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Journal Article

Ecological Association of Bird Species and Habitats in Eastern Australia; Similarity Analysis

Jiro Kikkawa
Journal of Animal Ecology
Vol. 37, No. 1 (Feb., 1968), pp. 143-165
DOI: 10.2307/2716
Stable URL: http://www.jstor.org/stable/2716
Page Count: 31
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Ecological Association of Bird Species and Habitats in Eastern Australia; Similarity Analysis
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Abstract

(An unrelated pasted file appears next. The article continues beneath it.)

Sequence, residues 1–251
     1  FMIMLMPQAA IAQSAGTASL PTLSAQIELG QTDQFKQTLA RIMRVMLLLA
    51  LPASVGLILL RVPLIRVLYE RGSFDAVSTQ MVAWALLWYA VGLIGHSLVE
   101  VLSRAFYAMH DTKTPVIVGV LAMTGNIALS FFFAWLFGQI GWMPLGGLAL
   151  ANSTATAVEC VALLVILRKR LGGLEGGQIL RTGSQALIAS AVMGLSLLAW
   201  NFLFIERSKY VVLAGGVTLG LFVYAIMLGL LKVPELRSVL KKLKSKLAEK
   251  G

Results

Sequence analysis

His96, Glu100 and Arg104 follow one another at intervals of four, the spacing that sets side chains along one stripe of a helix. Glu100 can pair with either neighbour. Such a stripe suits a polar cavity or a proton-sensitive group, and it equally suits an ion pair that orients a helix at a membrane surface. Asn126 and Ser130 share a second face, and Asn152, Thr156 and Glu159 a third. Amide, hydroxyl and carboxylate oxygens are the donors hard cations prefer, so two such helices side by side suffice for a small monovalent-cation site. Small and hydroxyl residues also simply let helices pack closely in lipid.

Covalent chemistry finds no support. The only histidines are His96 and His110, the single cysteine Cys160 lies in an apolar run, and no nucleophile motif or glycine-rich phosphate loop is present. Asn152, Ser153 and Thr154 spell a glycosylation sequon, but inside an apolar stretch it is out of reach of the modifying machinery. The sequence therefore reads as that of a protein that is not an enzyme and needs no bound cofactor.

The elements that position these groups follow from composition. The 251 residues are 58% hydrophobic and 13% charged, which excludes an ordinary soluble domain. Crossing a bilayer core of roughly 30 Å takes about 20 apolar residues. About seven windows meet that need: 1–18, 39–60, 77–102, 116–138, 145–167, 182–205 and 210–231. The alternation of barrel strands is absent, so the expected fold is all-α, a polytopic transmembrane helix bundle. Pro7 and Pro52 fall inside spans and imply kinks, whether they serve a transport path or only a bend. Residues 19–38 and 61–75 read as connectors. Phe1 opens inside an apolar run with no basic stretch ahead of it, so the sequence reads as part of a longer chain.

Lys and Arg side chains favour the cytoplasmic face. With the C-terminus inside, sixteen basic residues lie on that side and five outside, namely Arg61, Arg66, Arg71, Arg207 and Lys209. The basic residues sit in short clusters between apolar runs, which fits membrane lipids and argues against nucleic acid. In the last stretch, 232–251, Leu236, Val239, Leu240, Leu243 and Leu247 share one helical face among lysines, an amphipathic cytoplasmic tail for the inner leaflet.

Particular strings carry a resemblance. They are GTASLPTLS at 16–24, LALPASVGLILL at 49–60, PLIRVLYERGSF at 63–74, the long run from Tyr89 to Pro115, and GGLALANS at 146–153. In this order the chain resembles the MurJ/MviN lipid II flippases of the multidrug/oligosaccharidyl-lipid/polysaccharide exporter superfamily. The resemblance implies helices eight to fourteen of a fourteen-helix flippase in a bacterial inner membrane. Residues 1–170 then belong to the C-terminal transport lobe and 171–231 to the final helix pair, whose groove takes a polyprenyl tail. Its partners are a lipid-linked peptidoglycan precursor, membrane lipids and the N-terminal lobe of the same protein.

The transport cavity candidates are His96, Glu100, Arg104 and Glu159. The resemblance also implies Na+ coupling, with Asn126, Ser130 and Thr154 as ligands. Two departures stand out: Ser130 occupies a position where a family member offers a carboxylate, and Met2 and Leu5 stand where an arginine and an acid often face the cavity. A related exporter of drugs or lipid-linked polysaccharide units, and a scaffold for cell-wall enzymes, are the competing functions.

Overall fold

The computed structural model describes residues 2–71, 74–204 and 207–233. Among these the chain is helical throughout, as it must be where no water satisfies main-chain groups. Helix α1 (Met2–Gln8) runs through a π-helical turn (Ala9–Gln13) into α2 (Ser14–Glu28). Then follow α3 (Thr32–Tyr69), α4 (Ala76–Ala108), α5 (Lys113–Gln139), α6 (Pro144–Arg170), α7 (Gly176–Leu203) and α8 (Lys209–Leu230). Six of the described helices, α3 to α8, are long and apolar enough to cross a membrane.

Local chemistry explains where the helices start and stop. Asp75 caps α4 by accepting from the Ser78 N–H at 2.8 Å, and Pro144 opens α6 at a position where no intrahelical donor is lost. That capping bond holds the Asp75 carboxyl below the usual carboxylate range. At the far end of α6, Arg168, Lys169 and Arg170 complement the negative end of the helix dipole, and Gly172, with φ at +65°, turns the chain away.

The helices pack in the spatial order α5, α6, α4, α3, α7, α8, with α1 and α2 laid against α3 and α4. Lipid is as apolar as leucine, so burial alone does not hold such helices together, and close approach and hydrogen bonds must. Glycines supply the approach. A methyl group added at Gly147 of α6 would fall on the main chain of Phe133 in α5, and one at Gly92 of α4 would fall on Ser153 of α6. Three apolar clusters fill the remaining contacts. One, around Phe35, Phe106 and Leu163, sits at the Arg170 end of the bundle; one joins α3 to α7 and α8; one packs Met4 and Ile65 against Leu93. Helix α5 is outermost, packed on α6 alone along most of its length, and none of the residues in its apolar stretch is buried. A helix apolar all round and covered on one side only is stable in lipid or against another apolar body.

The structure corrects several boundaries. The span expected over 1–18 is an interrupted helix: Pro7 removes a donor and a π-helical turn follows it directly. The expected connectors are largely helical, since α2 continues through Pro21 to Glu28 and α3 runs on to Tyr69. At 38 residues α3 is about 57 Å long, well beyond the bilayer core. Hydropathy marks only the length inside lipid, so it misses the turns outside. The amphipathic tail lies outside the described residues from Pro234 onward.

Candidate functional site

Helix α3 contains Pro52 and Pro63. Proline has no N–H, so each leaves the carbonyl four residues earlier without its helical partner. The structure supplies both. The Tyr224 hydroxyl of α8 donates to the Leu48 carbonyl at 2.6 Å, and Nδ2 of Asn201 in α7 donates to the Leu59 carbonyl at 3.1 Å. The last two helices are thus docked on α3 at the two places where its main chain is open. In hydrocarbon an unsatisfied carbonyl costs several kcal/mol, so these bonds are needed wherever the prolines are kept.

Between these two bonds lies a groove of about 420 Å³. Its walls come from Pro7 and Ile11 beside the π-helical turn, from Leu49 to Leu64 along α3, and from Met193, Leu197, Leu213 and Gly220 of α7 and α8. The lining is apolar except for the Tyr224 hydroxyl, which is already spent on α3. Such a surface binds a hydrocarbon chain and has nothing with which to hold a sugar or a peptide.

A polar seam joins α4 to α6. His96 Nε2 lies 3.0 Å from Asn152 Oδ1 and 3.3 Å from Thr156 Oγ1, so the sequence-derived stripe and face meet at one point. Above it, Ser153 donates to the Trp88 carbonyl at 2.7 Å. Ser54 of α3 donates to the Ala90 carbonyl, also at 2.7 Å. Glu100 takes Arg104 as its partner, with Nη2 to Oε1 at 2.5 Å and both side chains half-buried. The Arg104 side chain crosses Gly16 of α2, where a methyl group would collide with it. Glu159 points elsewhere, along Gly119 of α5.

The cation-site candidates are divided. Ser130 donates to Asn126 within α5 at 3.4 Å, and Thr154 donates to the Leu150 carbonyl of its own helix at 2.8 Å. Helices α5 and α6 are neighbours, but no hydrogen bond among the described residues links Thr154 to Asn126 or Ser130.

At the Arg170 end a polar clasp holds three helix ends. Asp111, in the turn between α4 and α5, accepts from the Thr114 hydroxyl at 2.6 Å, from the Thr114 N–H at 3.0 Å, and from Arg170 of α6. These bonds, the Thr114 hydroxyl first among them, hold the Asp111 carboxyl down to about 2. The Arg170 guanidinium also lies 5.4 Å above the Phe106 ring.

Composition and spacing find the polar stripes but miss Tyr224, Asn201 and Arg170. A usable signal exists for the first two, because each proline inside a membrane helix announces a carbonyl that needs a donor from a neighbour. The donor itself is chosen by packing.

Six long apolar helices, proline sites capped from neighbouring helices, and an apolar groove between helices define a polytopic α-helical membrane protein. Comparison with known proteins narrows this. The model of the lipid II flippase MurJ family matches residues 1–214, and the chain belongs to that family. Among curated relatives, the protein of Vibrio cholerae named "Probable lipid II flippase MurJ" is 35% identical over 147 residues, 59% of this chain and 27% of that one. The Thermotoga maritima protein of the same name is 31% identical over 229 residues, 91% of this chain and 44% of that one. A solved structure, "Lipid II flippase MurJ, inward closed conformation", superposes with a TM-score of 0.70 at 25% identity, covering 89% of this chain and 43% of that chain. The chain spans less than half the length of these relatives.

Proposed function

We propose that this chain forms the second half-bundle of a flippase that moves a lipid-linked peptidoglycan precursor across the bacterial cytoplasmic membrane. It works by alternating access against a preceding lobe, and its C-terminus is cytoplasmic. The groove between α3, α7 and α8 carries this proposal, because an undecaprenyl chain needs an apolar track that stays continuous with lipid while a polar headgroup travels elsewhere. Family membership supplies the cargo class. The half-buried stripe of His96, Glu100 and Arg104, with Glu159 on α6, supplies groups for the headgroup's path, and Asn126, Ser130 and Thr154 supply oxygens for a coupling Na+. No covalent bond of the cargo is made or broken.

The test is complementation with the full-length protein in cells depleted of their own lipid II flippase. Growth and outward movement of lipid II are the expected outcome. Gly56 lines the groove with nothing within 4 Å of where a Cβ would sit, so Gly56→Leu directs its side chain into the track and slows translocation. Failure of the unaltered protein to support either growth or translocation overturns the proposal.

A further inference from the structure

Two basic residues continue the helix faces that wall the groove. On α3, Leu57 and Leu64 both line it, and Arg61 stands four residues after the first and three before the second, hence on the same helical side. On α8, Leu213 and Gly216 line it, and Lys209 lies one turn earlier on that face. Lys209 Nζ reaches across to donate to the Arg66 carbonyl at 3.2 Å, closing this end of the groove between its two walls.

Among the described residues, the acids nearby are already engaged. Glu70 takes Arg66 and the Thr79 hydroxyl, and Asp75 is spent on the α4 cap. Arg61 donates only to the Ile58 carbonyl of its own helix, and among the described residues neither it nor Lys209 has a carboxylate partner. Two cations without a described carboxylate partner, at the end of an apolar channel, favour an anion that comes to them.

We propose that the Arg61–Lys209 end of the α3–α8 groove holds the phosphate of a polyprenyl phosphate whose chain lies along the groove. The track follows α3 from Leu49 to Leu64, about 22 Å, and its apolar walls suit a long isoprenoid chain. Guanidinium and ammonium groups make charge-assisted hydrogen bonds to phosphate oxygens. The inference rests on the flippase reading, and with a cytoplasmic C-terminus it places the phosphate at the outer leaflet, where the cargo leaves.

In order to assess the applicability of the structural classification of vegetation to the description of avian habitats in eastern Australia, species lists (presence and absence) of birds were subjected to similarity analysis using centroid sorting with the information statistic as its coefficient. A total of 182 species from forty-eight sites in the breeding season and 128 species from twenty-one sites in the non-breeding season in northern New South Wales, and eighty species from fifteen sites in wet lowlands of North Queensland were analysed. Twenty-three plant formations and subformations were represented in the sample sites. An empirical examination of site-groups, species-groups, and site/species coincidences derived from the analysis detected some probable `misclassification' which, however, did not affect the overall pattern of ecologically acceptable classification. Regardless of the locality and season, within New South Wales, there was a general agreement of species composition between structurally similar plant formations, but the habitat-system derived from the analysis did not agree between the seasons in New South Wales or between North Queensland and New South Wales. The ecological response of the fauna was considered responsible for the east-west (mesic-xeric) distribution in New South Wales, whereas the zoogeographical factors were considered important in the north-south distribution within wet formations.

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